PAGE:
2-Minute Neuroscience: Hypoglossal Nerve (Cranial Nerve XII)

2-Minute Neuroscience: Hypoglossal Nerve (Cranial Nerve XII)

The hypoglossal nerve is a motor nerve that
controls all of the muscles of the tongue (except for one, the palatoglossus, which
is controlled by the vagus nerve). The tongue muscles consist of what are known
as intrinsic muscles, which control the shape of the tongue, and extrinsic muscles, which
act to protrude, retract, elevate, and move the tongue side to side. Healthy function of the hypoglossal nerve
is thus critical for things like eating, swallowing, and speaking. The hypoglossal nuclei are found in the medulla. Hypoglossal nerve fibers leave the hypoglossal
nuclei on each side of the brainstem and descend to travel to the same side of the tongue to
stimulate the muscles of the tongue from below, hence the term hypoglossal, which comes from
the Greek for under the tongue. There are three other branches that extend
from the hypoglossal nerve to supply various other muscles in the neck as well as the dura
mater at the back of the head. Only the fibers that supply the tongue originate
in the hypoglossal nucleus, however, and thus they are often considered the true hypoglossal
nerve. Damage to the hypoglossal nerve can cause
tongue weakness and impair tongue dexterity. It may also lead to small muscle twitches,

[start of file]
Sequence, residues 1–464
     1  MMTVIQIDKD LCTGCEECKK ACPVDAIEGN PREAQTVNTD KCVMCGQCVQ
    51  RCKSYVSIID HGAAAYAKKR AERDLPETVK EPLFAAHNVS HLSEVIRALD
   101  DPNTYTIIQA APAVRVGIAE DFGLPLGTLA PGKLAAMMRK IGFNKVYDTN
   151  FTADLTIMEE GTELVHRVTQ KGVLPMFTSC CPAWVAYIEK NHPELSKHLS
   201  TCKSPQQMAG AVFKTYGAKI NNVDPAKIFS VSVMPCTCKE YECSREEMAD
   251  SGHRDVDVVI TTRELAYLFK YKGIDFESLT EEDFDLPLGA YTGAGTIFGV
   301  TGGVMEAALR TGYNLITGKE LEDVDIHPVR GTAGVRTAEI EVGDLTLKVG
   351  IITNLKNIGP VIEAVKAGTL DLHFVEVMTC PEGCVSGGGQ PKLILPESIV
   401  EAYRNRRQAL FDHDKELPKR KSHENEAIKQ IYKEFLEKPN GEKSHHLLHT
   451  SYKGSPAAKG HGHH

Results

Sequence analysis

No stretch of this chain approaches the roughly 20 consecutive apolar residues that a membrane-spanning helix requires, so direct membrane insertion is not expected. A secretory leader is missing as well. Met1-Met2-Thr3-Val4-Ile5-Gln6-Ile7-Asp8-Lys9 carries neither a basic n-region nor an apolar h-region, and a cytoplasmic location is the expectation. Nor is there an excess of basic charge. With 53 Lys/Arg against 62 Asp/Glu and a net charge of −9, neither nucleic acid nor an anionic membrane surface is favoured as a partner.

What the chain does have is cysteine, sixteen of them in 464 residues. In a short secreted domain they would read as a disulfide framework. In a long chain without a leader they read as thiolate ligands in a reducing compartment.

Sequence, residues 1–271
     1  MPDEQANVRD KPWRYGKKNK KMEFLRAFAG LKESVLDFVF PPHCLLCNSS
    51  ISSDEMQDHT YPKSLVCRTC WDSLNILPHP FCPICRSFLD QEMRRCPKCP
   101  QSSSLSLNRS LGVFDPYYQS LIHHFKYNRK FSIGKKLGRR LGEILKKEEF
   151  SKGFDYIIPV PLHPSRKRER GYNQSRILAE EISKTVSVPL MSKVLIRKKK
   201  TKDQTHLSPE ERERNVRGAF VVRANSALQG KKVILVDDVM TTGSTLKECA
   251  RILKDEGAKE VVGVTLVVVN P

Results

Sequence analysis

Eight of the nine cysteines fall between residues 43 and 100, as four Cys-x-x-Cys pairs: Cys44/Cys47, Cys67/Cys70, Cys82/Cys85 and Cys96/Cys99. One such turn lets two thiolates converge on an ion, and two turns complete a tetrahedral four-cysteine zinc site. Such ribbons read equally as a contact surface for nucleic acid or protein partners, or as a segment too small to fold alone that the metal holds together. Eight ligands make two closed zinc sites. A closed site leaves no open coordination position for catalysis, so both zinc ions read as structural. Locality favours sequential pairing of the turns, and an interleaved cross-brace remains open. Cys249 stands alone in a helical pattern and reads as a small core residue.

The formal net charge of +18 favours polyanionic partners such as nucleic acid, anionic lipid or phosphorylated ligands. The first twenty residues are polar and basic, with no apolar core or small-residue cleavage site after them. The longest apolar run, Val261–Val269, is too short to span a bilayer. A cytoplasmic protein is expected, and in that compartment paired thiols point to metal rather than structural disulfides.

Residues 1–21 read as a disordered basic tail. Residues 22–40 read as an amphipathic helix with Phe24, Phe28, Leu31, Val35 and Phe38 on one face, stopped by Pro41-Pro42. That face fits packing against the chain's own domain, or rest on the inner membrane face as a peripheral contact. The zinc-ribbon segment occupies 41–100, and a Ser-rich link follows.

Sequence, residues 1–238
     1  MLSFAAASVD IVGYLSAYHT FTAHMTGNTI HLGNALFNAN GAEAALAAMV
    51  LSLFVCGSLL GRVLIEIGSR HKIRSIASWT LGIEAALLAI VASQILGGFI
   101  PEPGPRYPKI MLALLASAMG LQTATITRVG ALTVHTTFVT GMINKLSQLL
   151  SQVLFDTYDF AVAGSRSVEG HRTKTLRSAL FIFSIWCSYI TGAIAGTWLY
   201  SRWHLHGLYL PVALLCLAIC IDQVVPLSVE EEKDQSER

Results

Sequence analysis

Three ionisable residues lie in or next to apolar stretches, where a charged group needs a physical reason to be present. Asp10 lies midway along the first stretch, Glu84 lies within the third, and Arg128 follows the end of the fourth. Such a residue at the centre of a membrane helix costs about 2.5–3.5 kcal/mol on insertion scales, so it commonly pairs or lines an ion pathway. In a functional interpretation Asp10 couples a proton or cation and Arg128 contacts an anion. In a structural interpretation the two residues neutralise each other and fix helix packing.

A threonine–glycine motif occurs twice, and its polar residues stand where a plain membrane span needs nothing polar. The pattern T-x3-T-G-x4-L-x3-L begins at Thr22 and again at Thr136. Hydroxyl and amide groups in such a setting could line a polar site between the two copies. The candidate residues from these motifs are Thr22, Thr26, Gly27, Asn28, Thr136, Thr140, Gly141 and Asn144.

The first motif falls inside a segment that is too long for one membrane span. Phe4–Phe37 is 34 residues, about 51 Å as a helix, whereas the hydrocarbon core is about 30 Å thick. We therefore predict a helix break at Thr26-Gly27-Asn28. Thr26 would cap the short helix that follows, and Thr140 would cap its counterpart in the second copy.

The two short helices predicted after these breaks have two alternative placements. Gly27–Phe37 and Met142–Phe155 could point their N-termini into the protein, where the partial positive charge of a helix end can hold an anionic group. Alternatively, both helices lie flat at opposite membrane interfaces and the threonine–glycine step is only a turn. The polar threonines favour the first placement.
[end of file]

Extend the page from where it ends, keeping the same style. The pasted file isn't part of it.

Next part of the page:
or fasciculations, in the tongue as well as atrophy of the tongue–especially at the tip
or borders of the organ. If the hypoglossal nerve on only one side
is damaged, then atrophy will typically be seen in the tongue muscles on that same side. If the patient is asked to protrude his or
her tongue, the tongue will often deviate toward the side of the damaged nerve. Patients with damage to only one hypoglossal
nerve, however, are often able to compensate for the deficiency of the tongue muscles on
one side. But if both nerves are damaged, the patient
may be unable to protrude the tongue at all and may experience severe problems with speech
and swallowing.

3 Replies to “2-Minute Neuroscience: Hypoglossal Nerve (Cranial Nerve XII)”

  1. Great that you also write your transcript in the description! This can help students with their tutorials and studies. Keep it up bro!

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